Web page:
In Book the Third, Chapter 1 in Tale of Two Cities, how is Darnay referred to by the officer in Paris?

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In Book the Third, Chapter 1, Charles Darnay is referred to by the officer in Paris as a "prisoner".  Darnay is shocked by this "disagreeable word", and reminds the officer that he is "a free traveller and French citizen, in charge of an escort which the disturbed state of the country had imposed upon him, and which he had paid for".

Darnay has inadvisedly returned to France to secure the release of Gabelle, who has been arrested while in his service.  Darnay has no idea of the extent to which conditions have deteriorated in France, and is caught up in the middle of a violent revolution.  On his journey from London to Paris, Darnay is stopped multiple times by various groups questioning his identity.  He is derided for being an emigrant and an aristocrat, and learns that a decree has, or will soon be passed, "banishing all emigrants and condemning all to death who return".

Finding himself at the mercy of the "capricious judgment...(of) the dawning Republic", Darnay realizes that "there (is) no hope of return until he should have been declared a good citizen at Paris".  Bowing to the demands of "patriots", he pays to be escorted to the city, where, to his chagrin, he is greeted as a "prisoner".  When Darnay demands "under what law, and for what offence" he is being held, he is told unceremoniously that there are "new laws" and "new offences" in France since he has been there last.  He is told flatly that, as an emigrant, he has "no rights", and is remanded to prison "in secret".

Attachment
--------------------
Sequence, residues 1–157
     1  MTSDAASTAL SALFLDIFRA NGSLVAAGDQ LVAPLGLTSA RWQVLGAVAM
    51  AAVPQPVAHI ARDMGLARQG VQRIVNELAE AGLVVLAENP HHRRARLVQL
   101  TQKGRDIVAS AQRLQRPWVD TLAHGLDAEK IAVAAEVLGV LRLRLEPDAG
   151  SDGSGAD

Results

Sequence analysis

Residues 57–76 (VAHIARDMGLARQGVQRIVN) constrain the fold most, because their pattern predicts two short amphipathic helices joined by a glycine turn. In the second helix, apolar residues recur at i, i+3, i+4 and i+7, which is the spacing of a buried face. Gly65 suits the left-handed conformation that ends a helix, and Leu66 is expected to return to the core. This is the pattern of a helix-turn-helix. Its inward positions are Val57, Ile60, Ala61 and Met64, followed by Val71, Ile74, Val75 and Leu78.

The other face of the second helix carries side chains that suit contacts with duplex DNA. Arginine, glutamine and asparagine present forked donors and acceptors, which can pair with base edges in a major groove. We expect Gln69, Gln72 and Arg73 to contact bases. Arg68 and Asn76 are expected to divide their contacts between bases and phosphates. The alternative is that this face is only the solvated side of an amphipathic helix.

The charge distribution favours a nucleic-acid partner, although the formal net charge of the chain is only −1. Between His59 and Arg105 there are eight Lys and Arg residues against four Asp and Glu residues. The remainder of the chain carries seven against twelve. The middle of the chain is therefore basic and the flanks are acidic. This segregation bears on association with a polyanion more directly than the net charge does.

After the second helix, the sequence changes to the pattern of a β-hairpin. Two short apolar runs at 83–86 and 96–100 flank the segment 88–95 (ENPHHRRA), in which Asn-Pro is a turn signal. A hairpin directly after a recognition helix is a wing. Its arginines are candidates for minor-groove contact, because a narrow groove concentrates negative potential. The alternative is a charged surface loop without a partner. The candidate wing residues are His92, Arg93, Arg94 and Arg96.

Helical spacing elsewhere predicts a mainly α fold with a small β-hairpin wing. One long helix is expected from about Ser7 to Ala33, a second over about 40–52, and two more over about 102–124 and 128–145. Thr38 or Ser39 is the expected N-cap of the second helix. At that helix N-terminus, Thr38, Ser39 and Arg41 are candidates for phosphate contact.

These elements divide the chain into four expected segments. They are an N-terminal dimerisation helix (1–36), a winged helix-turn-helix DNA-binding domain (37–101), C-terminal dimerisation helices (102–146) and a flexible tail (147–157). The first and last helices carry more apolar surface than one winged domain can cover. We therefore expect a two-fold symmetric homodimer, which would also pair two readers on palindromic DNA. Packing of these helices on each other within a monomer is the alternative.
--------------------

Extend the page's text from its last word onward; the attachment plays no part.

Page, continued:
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A Tale of Two Cities

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